We also remove queries for invalid domain names, accounting for 2% of the unique (client ip, query) tuples.

Temporal proximity of related malicious domains

We need to validate our intuition that DNS queries for related domains might be frequently observed in a small time window.

Let (M) be the set of domain names that we already flagged as malicious, and (t_i(c)) the timestamp of the first query sent by a client (c) for the domain (i).

For each client, we find all the unique pairs of domains ((i,j)) so that (i,j in M^2) and (i < j). We then compute the time difference (left| t_i(c)-t_j(c) right|) which can’t be zero due to the architecture of our DNS resolvers.

The histogram of (left| t_i(c)-t_j(c) right|) for all clients and all pairs of malicious domains appears to be gamma distributed, with a shape of 0.56 and a scale of 134.65, for timestamps expressed in seconds.


The probability for two malicious domains looked up by a client (c) to be related can thus be expressed as [f_c(i,j) = frac{0.04 e^{-0.007 left| t_c(i)-t_c(j)right| }}{left| t_c(i)-t_c(j)right| {}^{0.436}} ]

The co-occurrence score

Let (D_c) be the set of domain names looked up by a client (c).

In order to compute a global co-occurrence score, we define (g(i,j)) as the summation of (f_c(i,j)) for every client (c) having sent queries both for (i) and for (j). If no clients have sent a query for both (i) and (j), (g(i,j) = 0).

For any given malicious domain, we could use this function to find other domains sharing the same web pages, the same infection chain, or serving the needs of the same malware sample.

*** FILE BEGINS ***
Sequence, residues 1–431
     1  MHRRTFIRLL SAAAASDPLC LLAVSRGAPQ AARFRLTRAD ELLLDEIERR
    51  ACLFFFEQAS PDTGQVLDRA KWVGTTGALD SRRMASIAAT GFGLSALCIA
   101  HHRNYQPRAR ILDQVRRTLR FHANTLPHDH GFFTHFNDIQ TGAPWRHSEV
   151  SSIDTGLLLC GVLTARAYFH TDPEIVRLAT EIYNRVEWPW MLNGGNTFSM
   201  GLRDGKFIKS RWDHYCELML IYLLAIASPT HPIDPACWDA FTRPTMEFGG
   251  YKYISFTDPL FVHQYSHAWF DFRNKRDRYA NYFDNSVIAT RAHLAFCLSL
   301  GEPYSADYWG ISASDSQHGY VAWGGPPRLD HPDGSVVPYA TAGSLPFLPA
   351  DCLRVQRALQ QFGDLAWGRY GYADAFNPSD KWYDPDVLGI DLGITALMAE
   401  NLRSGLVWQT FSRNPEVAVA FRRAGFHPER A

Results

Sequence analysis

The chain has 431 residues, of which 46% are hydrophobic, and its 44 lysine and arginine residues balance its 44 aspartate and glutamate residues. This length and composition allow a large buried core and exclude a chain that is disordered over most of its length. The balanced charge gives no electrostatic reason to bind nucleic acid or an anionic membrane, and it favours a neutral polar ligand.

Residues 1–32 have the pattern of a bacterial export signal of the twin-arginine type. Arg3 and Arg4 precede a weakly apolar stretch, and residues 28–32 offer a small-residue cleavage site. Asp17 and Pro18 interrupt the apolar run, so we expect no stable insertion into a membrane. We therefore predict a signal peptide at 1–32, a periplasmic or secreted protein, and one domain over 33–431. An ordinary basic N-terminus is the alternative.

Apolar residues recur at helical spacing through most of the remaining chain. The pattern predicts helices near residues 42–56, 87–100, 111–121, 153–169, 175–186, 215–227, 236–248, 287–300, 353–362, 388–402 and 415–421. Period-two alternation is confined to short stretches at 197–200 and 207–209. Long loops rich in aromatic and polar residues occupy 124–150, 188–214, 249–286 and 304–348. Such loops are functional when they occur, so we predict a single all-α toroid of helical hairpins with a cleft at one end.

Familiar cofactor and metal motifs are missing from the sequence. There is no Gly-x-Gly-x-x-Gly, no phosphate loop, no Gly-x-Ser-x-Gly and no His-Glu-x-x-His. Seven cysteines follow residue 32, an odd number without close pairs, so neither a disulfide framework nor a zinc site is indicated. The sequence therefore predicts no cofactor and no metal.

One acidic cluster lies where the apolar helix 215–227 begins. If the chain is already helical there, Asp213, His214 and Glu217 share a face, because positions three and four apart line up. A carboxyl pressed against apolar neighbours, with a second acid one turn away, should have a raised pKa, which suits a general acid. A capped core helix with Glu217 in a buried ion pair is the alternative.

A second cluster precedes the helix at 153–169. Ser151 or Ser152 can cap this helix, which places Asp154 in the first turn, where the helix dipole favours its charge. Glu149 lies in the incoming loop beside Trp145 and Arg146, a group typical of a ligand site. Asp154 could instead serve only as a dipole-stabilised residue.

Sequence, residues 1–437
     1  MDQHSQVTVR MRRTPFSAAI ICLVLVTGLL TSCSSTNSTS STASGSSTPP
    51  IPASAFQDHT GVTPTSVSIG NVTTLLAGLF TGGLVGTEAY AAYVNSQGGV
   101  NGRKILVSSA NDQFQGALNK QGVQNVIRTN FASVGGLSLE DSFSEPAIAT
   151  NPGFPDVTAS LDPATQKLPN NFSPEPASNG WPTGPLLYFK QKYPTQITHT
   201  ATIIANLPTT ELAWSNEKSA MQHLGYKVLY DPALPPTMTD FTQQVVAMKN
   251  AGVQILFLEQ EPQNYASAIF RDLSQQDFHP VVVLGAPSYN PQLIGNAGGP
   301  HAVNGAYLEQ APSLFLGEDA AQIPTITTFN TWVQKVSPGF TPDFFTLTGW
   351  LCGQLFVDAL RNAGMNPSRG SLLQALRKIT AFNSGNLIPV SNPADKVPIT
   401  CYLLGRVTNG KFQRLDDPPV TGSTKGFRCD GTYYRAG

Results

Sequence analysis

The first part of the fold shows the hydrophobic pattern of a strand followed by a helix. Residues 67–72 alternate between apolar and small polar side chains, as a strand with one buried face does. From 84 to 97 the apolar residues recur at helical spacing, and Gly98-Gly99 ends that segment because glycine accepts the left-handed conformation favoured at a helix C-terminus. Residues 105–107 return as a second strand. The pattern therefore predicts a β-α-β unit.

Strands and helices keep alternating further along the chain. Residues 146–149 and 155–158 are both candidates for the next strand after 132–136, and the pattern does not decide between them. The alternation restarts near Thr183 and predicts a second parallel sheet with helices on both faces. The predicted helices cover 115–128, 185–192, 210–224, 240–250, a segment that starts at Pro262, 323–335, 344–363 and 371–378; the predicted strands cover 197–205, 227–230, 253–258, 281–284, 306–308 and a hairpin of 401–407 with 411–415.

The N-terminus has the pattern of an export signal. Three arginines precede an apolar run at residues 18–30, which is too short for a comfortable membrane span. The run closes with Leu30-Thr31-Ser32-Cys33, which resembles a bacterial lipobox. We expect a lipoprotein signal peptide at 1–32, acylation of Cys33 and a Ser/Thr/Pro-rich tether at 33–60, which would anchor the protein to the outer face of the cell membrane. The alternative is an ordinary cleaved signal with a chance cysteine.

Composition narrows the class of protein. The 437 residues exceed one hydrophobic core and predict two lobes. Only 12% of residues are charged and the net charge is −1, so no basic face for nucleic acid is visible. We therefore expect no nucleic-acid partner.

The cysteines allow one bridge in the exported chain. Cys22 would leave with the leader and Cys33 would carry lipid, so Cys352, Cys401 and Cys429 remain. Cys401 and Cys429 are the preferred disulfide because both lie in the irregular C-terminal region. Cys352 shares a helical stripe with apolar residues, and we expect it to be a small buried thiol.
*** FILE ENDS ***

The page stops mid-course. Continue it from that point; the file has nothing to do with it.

Unfortunately, this doesn’t work very well in practice.

It’s not uncommon for malicious web sites to load resources from third-parties, like banners and social network widgets.
Furthermore, users that are infected or in the process of being infected keep reading their email, and browsing common web services.

For example, queries for,,, and are frequently seen around the same time as queries for unrelated domains, including malicious ones.

And the high co-occurrence score of these domains paired with others doesn’t help us discover new domains names that we should take a closer look at.

We thus refine the function to lower the score for ((i,j)) if (j) happens to be a domain requested by a lot of client IPs.

Let (D) be the set of all domain names observed.

[ s(i,j) = frac{g(i,j)}{sum _{kin D} g(k,j)} ]

The actual score we use is normalized:

[ s'(i,j) = frac{g(i,j)}{left(sum _{kin D} g(k,j)right) sum _{kin D} s(i,k)} ]

Two case studies

A few months ago, suspicious queries for caught our attention.

This name didn’t resolve, never did, and we suddently saw a spike of traffic for it.

Like many .ca domain names, usually gets traffic coming from clients in Canada, US and Great Britain, but what we observed for was also unusual:

Screen Shot 2013-07-22 at 4.13.42 PM

The highest co-occurrence scores for domains paired with were:

Screen Shot 2013-07-22 at 4.16.32 PM

A new DGA pattern was clearly emerging here.

Diving into the co-occurrences for these DGA domains unveiled many more domains following the same pattern.

These domains happened to be C&C domains for the W32.Xpiro.D malware.

More recently, a slew of weight loss spam hit our mailboxes. Given only one domain name, we were able to figure out more, even if they happen to be hosted on different IPs:

Screen Shot 2013-07-22 at 4.41.29 PM

By looking further at the co-occurrences, we also found the SEO/Social Media Marketing company which is very likely to be responsible for this campain.

Screen Shot 2013-07-22 at 5.01.56 PM

More use for the co-occurrence score

The co-occurrence score has proven to be very useful in order to discover new domain names from domain names that we already know to be malicious.

But it is also the foundation for another algorithm that can lead to new malicious domains without having to explicitly provide a starting point. This algorithm will be described in detail in a forthcoming blog post.